Twenty years ago, a group of thought leaders imagined a new system for fire departments to tell their stories. The system would introduce such terms as standard of cover and self-assessment to the industry. For 200 agencies across the world, strategic planning, risk assessment, and continuous improvement are now part of their everyday operations and the way they choose to run their organizations.
In 2012, efforts to reimagine the CFAI Accreditation Model began. Rather than a simple update, the ambitious goal of the Reimagining Project was to consider every facet of the self-assessment model and process and to ensure it continued to push for excellence in the industry.
The CPSE Board of Directors appointed a Steering Committee led by Chief Steve Westermann to oversee the project. Mr. Max Baker, Chief Derek Bergsten, Mr. Rick Brockman, Chief Allan Cain, and Ms. Sarah McEntee also serve on the Steering Committee. CPSE staff is serving as the project management team with four dedicated project leads considering changes to:
- The model,
- The process by which accreditation is accomplished and maintained,
- The technology used during the accreditation process, and
- The community risk/standards of cover publication.
By looking at the accreditation program holistically, CPSE is putting itself through a self-assessment activity…so far we have learned some interesting things.
Mr. Jerry Nulliner is heading up the model group and has engaged over 150 subject matter experts to review each category, criteria, and performance indicator. The next step for the model group is to release their current proposed version for public comment. The proposed model will be posted on the CPSE website on December 1, 2014 for a 45-day public comment period. An announcement with instructions for where to find the model and how to submit comments will be forwarded by email on December 1.
The process group is being led by Mr. Brian Dean, Senior Technical Advisor. He and a committed group of volunteers have reviewed 86 pages of survey feedback from over 180 respondents. They are using this feedback to formulate recommended changes to the peer assessment, annual compliance report review, and mentoring processes among other areas. Some of the recommended changes will go into effect quickly as fixes to identified issues. The remaining recommended changes will be long-term initiatives to improve the experience of agencies going through accreditation.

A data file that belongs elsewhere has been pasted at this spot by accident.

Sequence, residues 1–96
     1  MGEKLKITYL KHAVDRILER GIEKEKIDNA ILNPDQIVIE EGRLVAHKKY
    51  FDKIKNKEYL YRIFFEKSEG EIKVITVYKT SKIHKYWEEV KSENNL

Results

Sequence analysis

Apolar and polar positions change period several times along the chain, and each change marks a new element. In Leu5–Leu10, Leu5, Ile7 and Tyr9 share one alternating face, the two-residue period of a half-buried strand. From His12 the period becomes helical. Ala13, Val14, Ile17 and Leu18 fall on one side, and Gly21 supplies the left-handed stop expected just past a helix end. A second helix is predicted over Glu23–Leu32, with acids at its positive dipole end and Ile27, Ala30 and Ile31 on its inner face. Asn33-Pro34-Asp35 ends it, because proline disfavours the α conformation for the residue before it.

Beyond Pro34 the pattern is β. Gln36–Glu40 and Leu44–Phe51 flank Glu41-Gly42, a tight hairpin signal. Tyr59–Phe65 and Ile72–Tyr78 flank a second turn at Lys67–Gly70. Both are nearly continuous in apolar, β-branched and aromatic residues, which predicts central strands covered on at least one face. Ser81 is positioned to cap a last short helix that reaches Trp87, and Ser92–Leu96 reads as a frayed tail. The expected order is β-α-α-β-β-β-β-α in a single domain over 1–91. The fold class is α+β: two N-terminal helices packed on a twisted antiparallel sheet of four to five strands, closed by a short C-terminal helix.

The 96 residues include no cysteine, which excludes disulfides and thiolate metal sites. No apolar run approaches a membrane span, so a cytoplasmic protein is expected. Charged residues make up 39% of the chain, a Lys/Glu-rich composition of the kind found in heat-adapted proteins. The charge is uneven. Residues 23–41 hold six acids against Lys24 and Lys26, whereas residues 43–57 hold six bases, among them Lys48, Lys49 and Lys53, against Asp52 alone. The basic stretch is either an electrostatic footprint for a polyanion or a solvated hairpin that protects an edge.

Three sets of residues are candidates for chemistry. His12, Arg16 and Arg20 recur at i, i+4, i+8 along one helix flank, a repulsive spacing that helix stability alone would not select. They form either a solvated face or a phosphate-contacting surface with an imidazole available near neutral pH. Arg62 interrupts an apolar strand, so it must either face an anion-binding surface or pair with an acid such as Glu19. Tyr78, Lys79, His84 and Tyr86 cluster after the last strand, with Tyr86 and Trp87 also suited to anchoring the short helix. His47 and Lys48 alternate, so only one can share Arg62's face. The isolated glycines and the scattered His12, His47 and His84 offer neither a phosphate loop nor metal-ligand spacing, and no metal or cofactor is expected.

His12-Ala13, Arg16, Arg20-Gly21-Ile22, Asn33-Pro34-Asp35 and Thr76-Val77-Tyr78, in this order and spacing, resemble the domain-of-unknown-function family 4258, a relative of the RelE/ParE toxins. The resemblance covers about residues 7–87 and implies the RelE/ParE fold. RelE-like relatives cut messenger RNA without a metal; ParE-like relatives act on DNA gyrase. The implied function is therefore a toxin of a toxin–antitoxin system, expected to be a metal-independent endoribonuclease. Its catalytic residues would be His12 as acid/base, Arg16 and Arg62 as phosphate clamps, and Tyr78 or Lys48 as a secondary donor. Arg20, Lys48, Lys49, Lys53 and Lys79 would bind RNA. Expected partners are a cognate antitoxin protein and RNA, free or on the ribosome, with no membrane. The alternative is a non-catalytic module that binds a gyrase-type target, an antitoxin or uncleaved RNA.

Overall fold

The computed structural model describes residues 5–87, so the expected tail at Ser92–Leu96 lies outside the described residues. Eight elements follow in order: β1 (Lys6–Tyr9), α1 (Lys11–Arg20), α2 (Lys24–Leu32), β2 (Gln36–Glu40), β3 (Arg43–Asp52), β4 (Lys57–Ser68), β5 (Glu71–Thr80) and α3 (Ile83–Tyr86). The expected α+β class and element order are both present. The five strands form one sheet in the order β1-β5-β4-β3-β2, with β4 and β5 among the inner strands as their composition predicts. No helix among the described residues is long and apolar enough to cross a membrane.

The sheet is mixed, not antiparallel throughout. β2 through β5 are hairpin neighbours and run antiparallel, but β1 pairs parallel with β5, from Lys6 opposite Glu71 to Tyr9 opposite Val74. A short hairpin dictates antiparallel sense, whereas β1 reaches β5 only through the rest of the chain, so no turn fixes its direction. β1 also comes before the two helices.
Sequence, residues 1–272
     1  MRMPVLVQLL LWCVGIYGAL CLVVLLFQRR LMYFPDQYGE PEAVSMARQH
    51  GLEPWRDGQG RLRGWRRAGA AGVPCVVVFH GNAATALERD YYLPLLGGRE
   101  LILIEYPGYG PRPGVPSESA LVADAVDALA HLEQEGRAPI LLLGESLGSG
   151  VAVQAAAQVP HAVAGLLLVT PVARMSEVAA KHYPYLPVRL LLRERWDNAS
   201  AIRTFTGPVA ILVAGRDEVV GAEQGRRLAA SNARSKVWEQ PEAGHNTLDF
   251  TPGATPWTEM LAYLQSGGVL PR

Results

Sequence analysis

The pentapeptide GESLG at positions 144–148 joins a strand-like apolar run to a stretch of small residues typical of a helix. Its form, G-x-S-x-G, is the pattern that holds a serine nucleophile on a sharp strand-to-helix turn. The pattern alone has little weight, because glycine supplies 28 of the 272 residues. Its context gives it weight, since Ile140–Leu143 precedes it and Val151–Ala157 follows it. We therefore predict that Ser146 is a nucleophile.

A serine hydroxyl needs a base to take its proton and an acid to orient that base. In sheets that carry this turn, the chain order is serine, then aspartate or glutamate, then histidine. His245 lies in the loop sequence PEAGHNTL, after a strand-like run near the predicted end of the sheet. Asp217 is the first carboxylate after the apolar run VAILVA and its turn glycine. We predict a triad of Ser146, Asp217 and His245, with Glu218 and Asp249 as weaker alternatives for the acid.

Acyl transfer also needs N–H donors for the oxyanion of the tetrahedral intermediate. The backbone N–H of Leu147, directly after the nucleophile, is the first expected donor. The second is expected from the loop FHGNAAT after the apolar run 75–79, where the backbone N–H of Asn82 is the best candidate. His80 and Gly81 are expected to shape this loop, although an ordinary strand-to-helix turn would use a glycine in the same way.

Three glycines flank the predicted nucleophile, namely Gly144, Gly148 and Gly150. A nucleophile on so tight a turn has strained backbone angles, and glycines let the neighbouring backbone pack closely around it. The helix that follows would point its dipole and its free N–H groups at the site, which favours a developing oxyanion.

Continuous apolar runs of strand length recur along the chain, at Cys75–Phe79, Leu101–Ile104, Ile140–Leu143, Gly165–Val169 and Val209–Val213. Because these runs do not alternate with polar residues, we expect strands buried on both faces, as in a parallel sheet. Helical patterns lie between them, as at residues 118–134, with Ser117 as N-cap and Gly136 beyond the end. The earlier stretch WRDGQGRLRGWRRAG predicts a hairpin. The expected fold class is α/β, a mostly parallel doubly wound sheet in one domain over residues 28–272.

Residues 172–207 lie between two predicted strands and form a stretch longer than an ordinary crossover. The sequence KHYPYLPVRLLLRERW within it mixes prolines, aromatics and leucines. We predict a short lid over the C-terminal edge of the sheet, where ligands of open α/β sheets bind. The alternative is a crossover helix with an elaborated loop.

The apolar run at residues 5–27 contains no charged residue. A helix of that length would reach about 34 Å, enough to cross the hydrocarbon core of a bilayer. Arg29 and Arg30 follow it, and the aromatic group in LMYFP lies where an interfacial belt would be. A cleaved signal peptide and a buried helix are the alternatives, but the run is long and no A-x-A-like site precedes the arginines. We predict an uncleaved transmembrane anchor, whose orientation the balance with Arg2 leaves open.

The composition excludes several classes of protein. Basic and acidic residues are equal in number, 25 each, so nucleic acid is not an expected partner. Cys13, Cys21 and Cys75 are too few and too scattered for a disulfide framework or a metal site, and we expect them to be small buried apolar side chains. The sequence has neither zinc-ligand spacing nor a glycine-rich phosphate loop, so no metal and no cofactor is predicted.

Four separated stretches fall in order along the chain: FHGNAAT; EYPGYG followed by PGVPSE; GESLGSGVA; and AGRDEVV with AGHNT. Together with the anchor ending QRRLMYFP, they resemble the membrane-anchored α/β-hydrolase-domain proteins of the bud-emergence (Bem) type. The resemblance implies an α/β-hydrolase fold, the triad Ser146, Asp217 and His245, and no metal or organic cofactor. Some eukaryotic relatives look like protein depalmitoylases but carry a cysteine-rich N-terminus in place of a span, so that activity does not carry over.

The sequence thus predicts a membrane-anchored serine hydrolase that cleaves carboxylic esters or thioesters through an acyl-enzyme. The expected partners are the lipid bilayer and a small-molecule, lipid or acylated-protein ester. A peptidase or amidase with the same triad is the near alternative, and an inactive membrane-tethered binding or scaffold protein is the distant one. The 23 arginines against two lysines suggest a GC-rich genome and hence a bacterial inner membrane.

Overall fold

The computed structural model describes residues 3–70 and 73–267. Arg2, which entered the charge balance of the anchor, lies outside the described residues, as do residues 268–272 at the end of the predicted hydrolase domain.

Working closely with Brian and his group, Ms. Rebecca Desch, is looking at technology solutions to facilitate agencies submitting their information to CPSE and review of that information. She is currently reviewing four solutions and is vetting them with members of the process group. CPSE is excited about enhancing its information technology not only for accreditation, but also for credentialing, technical advising, and workshops.
Rick Fagan, Director of the Technical Advisor Program, will take the lead on revising the Community Risk/Standards of Cover publication. His group’s work will kick into high gear when the new model is approved. In the interim, his group is conducting literature review of the current trends and teachings on concentration and distribution of resources.
CPSE is looking forward to an overwhelming response to the public comment period which will run from December 1, 2014 and close on January 15, 2015. The Steering Committee is meeting monthly with the project management team and project leads. The goal is to present the reimagined model to the Commission on Fire Accreditation International in March 2015 and publish the 9th edition of Fire & Emergency Service Self-Assessment Manual in summer, 2015. Agencies that convert to candidate status within 6 months of the publications of the 9th edition will be permitted to seek accreditation under the current (8th) edition. CPSE will be offering webinars following the model approval to educate agencies on the significant changes. Look for updates on the reimagining project in the CPSE monthly newsletters.
Reimagining is an excellent opportunity for CPSE to engage the community, enhance acceptance of the self-assessment model, improve process efficiency, and identify new business opportunities. If you have any questions about reimagining, please contact Preet Bassi, CEO, at email@example.com or Karl Ristow, CFAI Program Director, at firstname.lastname@example.org.
Sprinkler advocates from across the U.S. and Canada came together last week during NFPA’s Fire Sprinkler Initiative Summit in Durham, North Carolina. Addressing the crowd of more than 60 attendees, NFPA President Jim Pauley underscored grassroots efforts occurring in North America that spotlight the importance of home fire sprinklers and how this work is creating a wave of support for sprinkler requirements in new homes. Tom Mawson, CPSE’s Director of Business Development and National Director for the Residential Fire Sprinkler Contractor Accreditation Program (RFSCAP) attended the summit and presented an update on the status of the accreditation program.